Saint’s ‘little way’ changed her life

By Monica Sawyn | For The Compass | April 25, 2018

Buscher ‘captivated’ by life, writings of St. Thérèse of Lisieux

STURGEON BAY — It wasn’t until Sara Buscher was in her 50s that this cradle-Catholic began to really understand that God was calling her to be something more than simply a “faithful” Catholic.

“I spent my whole life trying to be self-sufficient and successful, then I read this and discovered I’d been doing it all wrong,” she said. That book was St. Thérèse of Lisieux’s autobiography, “Story of a Soul.”

Your Catholic Neighbor: Sara Buscher (Monica Sawyn | For The Compass)

Except for a questioning period in her late teens, Buscher had always attended Sunday Mass and been involved in church activities. But she said God seemed distant to her, someone to fear. Now she realizes how much God loves her and others, that he understands everyone and wants to help them in their journey.

“He won’t give up on us and nothing I can do could make him stop loving me,” Busher said.

Buscher first read the saint’s autobiography around 2005, when she had retired and moved back to Appleton with her husband. They joined the parish where she had been baptized. It might have been a bit prophetic that it happens to be called St. Thérèse Parish. A notice in the bulletin about reading “Story of a Soul” caught her eye.

Buscher said her retirement had left her at loose ends and she thought the book study would be a good way to meet other people. She also thought something written by a saint might be uninteresting and pious, but figured she could “get through it.” She did far more than that.

“From the beginning, I was captivated,” she said. “St. Thérèse (a cloistered Carmelite nun) understood things that it took me 50 years to learn — and she died when she was only 24. I raced through that book, and I wanted more.”

Buscher embraced Carmelite spirituality and set out to study St. Thérèse to learn all she could from the saint’s insights into a life lived with and for God.

“I was amazed at how affectionately she spoke of God. She set me on fire for God,” Buscher said.

During the interview, Buscher took out a copy of Psalm 139, with passages underlined that reflect St. Thérèse’s spirituality:

“All my ways lie open to you. … Before ever a word is on my tongue you know it, O Lord, through and through. … Too wonderful for me, this knowledge, too high, beyond my reach.”

So, Buscher said she learned to approach God as a child, content to rest with God as a child would with its parent.

Embracing Carmelite spirituality, which has an emphasis on contemplative prayer, drew Buscher more deeply into her own prayer life.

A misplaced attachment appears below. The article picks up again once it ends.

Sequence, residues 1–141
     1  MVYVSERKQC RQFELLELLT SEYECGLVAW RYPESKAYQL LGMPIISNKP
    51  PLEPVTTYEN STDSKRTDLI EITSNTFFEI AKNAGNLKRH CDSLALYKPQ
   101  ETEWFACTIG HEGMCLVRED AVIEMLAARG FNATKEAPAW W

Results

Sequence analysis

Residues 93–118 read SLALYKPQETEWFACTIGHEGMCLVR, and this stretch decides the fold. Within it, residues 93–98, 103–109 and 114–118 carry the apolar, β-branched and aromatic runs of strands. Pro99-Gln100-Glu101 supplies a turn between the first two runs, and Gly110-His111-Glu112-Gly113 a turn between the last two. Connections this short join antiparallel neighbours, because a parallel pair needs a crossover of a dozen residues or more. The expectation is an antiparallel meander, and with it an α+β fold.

“Before, I had no prayer life except at Mass,” she said.

Now, her hour of prayer first thing in the morning is a priority. She always does it, no matter how early she might have to set her alarm. She uses the “Magnificat,” an abbreviated form of the breviary, as well as daily reflection books with St. Thérèse and the Blessed Virgin. Her prayer, she said, has changed.

“I never pray for a specific solution to a problem. When I’m praying for myself or others, I just ask God to draw all involved to him. I never tell God what to do. I only want to know, ‘What’s the plan and how do I fit in?’”

Buscher wanted to share what she’d learned with others who might be wounded by life’s experiences. She was especially drawn to elderly and disabled persons, and is “passionate about end-of-life issues.” She is on the board of the Euthanasia Prevention Society USA and active with the Catholic Medical Association. And she introduces people to St. Thérèse.

In those early days, when Buscher learned of a bus trip to the National Shrine of St. Thérèse, she signed up by herself, but found a lot of the members of the Third Order Carmelites on the trip who shared what they knew and had learned.

“On the way back, I was inspired to do another book read at my parish, around 2008,” Buscher said. She organized it as a community read, with study questions. The answers were written up and published in the bulletin.

Then in 2015-16, Buscher and her husband moved to Door County full time, and she decided not to be as active as she once was in parish organizations and activities. She wanted to spend time with her husband.

However, last fall, she organized another book study of “Story of a Soul,” offering it through the adult faith formation program at St. Joseph Parish in Sturgeon Bay. The group meets once a month and discusses one chapter at a time, following Buscher’s study questions.

Through that same faith formation group, Buscher has organized a bus trip to the National Shrine of St. Thérèse near Chicago to take place this September. Both projects flow from Buscher’s desire to introduce others to the Carmelite way of drawing closer to God, of living the “spiritual childhood” of St. Thérèse. It’s the lens through which she views her Catholic faith. [vc_row][vc_column][vc_message]Your Catholic Neighbor

Name: Sara Buscher

Parish: Corpus Christi, Sturgeon Bay

Age: 68

Favorite saint: Thérèse of Lisieux

Words to live by: “I was helpless, so God saved me.” (Ps 116:6b)[/vc_message][/vc_column][/vc_row]

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